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Looking gaunt but determined, 59 year-old Robert Tools was introduced on August 21, 2001, as a medical miracle-the first surviving recipient of a fully implantable artificial heart. At a news conference, Tools spoke with emotion about his second chance at life and the quality of his care. His physician looked on with obvious affection, grateful and honored to have extended Tools's life. Mr. Tools has since lost his battle for life, but will be remembered as a hero for undergoing an experimental technology and paving the way for other patients to undergo the procedure. Moreover, the fact that Tools was African American and his doctors were white seemed, for most Americans, to symbolize the irrelevance of race in 2001. According to two recent polls, a significant majority of Americans believe that African Americans like Tools receive the same quality of healthcare as whites.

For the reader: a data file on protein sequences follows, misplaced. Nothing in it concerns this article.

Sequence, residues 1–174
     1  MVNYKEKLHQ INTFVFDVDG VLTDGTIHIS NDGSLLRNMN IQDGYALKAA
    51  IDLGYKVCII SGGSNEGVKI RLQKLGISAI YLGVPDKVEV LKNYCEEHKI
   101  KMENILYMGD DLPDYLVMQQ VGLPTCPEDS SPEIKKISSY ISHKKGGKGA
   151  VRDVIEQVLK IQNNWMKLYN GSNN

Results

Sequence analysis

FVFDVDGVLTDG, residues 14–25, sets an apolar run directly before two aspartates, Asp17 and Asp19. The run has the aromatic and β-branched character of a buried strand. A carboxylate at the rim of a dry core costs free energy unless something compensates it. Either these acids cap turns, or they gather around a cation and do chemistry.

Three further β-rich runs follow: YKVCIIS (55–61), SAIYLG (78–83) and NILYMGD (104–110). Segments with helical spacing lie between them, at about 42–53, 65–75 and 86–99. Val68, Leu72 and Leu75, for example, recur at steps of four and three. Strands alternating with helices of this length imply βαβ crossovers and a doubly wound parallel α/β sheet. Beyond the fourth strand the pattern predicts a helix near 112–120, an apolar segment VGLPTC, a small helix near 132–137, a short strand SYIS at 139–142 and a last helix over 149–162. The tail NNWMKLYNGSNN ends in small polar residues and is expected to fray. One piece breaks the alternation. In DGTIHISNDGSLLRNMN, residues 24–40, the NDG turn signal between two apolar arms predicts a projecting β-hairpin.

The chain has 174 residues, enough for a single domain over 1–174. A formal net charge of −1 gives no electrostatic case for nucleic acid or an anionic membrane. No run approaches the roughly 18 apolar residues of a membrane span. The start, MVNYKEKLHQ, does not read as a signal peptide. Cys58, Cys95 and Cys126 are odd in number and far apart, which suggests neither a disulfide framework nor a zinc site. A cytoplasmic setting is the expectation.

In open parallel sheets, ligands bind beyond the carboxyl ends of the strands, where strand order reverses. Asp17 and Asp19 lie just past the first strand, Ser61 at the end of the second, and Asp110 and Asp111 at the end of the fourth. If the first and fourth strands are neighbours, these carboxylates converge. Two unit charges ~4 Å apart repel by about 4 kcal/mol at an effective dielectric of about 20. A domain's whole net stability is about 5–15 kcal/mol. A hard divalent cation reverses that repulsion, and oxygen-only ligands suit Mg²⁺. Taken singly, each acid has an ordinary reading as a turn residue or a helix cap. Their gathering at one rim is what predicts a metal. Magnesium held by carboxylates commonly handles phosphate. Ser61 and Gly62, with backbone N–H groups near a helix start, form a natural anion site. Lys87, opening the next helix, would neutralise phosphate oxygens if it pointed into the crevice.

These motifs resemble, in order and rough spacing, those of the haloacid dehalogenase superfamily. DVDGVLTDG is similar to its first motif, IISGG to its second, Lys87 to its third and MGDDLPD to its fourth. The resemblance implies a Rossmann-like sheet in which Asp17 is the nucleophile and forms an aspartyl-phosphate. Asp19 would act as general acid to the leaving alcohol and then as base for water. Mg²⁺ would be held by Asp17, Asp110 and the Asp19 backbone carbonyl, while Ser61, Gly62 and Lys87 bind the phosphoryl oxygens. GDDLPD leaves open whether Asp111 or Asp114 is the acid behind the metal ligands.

Behind these perceptions, however, lie a sharply contrasting reality. A large body of published evidence reveals that racial and ethnic minorities experience a lower quality of health services, and are less likely to receive even routine medical procedures than are white Americans. Relative to whites, African Americans-and in some cases, Hispanics-are less likely to receive appropriate cardiac medication or to undergo coronary artery bypass surgery, are more likely to receive peritoneal dialysis and kidney transplantation, and are likely to receive a lower quality of basic clinical services, even when variations in such factors as insurance status, income, age, co-morbid conditions, and symptom expression are taken into account. Significantly, these differences are associated with greater mortality among African American patients. 2